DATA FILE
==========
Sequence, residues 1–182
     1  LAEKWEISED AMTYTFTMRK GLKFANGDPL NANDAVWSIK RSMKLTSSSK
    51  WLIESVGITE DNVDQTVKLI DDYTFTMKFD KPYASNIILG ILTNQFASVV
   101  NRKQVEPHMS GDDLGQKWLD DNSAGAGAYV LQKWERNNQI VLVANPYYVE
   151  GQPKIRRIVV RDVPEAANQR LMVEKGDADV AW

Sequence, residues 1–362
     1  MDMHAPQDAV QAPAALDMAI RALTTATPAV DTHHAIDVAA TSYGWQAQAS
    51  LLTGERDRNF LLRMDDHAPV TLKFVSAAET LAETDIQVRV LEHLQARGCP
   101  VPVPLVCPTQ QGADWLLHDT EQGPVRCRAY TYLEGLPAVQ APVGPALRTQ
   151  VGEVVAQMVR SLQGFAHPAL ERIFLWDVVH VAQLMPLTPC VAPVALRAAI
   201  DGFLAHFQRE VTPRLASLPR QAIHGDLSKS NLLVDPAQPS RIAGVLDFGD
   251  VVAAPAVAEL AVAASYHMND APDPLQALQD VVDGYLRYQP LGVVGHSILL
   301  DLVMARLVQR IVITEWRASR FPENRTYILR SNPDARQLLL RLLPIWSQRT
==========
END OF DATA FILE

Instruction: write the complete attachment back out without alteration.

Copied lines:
Sequence, residues 1–182
     1  LAEKWEISED AMTYTFTMRK GLKFANGDPL NANDAVWSIK RSMKLTSSSK
    51  WLIESVGITE DNVDQTVKLI DDYTFTMKFD KPYASNIILG ILTNQFASVV
   101  NRKQVEPHMS GDDLGQKWLD DNSAGAGAYV LQKWERNNQI VLVANPYYVE
   151  GQPKIRRIVV RDVPEAANQR LMVEKGDADV AW

Sequence, residues 1–362
     1  MDMHAPQDAV QAPAALDMAI RALTTATPAV DTHHAIDVAA TSYGWQAQAS
    51  LLTGERDRNF LLRMDDHAPV TLKFVSAAET LAETDIQVRV LEHLQARGCP
   101  VPVPLVCPTQ QGADWLLHDT EQGPVRCRAY TYLEGLPAVQ APVGPALRTQ
   151  VGEVVAQMVR SLQGFAHPAL ERIFLWDVVH VAQLMPLTPC VAPVALRAAI
   201  DGFLAHFQRE VTPRLASLPR QAIHGDLSKS NLLVDPAQPS RIAGVLDFGD
   251  VVAAPAVAEL AVAASYHMND APDPLQALQD VVDGYLRYQP LGVVGHSILL
   301  DLVMARLVQR IVITEWRASR FPENRTYILR SNPDARQLLL RLLPIWSQRT